The Excel equations to generate these numbers are easy to construct. The drift is simply a number representing the slope of the long-term trend expressed in pennies per day (cell D3). The random price variation is produced using the Excel Rand() function, which returns a number between 0 and 1. By subtracting 0.5 from the Rand() function, it varies between -0.50 to +0.50, and multiplying this output by another number will determine the amplitude of the random fluctuation: (Rand()-0.5)*3.
Generating price gaps is as easy as generating any other price variations. They are simply low-probability outcomes of higher amplitude. Again, I used the Rand() function:
+  If(Rand()>0.99, GapMultiplier*(Rand()-0.5)*10, 0)
which translates to: you have 1 chance in 100 to generate a price gap ranging between +/- 10 provided the GapMultiplier is equal to 2.
All this is relatively simple stuff. However, the output, as shown in the price matrix, is interesting. The price matrix becomes totally unpredictable. You cannot know what will come next, be it a small price variation up or down or a “black swan”, which could also come your way once in a while, up or down.
The 10 price series generated is like picking 10 stocks at random from an infinite stock universe. There is nothing you can learn from one data series to help you determine another. And there is no knowledge gained in a single test that can be transported to the next.
Stock Prices
Random Prices
(click to enlarge)
A view of the price matrix as a whole looks like the chart above. Pressing F9 in Excel will generate an all-new price series for each of the stocks in the portfolio. From any point in time of the generated price series, will there be any type of statistical or technical analysis to help determine what is coming next?

The Price Difference Matrix

The ΔP matrix is a simple subtraction and should present little interest. It is nonetheless required for the calculation of the final payoff matrix. Its equation is: ΔP = P(t) – P(t-1). The ΔP matrix is the difference in price from row to row (day to day) of the P matrix, another way of expressing the variation in price from close to close.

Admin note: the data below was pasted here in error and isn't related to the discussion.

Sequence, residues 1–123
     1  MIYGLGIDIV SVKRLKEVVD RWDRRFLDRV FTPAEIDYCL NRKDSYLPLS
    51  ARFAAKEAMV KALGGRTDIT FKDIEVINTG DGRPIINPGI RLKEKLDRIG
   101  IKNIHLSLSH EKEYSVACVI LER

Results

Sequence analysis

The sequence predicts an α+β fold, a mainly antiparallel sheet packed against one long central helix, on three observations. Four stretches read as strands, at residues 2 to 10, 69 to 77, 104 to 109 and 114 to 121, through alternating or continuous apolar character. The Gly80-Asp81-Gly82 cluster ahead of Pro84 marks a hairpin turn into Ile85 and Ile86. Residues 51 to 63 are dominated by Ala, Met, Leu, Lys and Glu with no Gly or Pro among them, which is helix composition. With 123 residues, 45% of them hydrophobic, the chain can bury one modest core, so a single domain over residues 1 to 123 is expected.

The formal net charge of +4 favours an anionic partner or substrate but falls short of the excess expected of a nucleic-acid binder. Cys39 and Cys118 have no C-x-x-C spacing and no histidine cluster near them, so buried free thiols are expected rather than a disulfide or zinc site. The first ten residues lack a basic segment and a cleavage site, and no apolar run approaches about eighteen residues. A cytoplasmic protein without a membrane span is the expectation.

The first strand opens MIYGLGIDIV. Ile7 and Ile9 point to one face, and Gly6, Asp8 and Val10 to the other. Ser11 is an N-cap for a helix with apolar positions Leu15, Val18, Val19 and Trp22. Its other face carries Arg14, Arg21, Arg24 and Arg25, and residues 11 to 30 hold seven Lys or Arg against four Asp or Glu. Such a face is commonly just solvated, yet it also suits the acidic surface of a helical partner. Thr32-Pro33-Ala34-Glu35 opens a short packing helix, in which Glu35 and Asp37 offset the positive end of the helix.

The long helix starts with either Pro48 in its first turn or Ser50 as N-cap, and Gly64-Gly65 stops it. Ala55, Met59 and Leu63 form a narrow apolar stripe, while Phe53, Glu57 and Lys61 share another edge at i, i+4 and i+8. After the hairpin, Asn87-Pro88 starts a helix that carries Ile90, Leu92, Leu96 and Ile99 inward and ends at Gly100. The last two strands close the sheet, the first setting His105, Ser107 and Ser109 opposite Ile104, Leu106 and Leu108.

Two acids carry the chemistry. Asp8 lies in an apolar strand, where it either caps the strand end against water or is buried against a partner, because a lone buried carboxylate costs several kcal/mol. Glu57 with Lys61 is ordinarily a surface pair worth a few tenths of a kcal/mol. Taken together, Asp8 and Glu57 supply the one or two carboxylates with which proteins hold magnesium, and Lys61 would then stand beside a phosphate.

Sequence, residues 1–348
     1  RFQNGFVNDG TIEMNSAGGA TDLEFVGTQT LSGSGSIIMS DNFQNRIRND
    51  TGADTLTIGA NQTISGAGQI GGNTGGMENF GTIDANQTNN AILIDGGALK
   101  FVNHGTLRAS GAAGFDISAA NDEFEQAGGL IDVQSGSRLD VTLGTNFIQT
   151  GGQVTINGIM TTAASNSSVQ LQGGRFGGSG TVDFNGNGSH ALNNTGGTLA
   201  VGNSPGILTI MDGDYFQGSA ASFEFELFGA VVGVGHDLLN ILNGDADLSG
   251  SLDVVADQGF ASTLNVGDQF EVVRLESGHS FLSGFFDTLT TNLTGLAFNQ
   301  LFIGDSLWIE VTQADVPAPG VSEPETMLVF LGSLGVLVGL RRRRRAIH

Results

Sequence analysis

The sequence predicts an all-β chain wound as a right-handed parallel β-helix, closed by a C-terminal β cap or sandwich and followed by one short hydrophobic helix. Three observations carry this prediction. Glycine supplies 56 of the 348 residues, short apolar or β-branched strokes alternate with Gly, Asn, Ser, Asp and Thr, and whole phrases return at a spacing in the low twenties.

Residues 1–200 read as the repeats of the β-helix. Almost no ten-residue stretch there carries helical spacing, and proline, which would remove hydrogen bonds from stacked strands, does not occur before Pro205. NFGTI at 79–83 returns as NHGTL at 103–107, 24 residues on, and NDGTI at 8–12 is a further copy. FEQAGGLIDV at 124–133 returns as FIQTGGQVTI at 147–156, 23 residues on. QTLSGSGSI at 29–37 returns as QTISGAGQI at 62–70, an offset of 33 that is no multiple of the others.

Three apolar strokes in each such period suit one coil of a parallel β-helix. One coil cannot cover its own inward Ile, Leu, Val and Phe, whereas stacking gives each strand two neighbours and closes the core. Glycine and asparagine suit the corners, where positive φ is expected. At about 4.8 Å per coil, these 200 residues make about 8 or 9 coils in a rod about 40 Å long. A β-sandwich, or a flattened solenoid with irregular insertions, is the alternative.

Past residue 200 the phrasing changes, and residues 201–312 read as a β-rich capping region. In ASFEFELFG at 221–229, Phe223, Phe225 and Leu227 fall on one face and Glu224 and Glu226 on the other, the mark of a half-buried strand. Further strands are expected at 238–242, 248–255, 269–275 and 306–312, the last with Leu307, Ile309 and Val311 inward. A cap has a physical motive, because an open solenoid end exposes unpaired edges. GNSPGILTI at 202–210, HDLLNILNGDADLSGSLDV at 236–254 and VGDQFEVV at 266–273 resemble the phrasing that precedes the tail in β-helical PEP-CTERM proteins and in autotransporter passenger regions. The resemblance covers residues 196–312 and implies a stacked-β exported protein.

The price difference matrix ΔP shows all 2,500 price variations:
Stock Prices Variations
Price Variations
(click to enlarge)
Of note in the price difference matrix are the outliers (gaps) that occur at random times and have random amplitude. They tend to mimic what we sometimes see in the market: large and unpredictable price moves.

The Trading Strategy

Here is the crux of the whole spreadsheet: the trading strategy. It is randomly generated over the entire trading interval, in this case, with 250 trading days, will require 2,500 trading decisions to be made. The basis for the equations used to generate the trades can be found in my 2008 paper, Jensen Modified Sharpe, from pages 28 to 35.
From their respective initial positions, stocks are bought and sold throughout the trading interval. A trading unit (number of shares to be traded at one time) serves as a trade basis and is used for both long and short positions.
A representative stock-holding matrix looks like the following:
Stock Holdings
Stock Holdings
(click to enlarge)
As can be seen, there is a tendency for the inventory to rise since the objective is to accumulate shares over time. By disabling the shorts, the inventory levels would only rise and look like Lévy processes with random jumps.
For longs, the governing formula is:
+ LongMultiplierEnabled *  IF(Rand()>0.95, TradeBasis, 0)
which will generate 1 unit trade, on average, over a 20-day period. The shorts operate under a similar principle: + ShortMultiplierEnabled *  IF(Rand()<0.05, -TradeBasis, 0).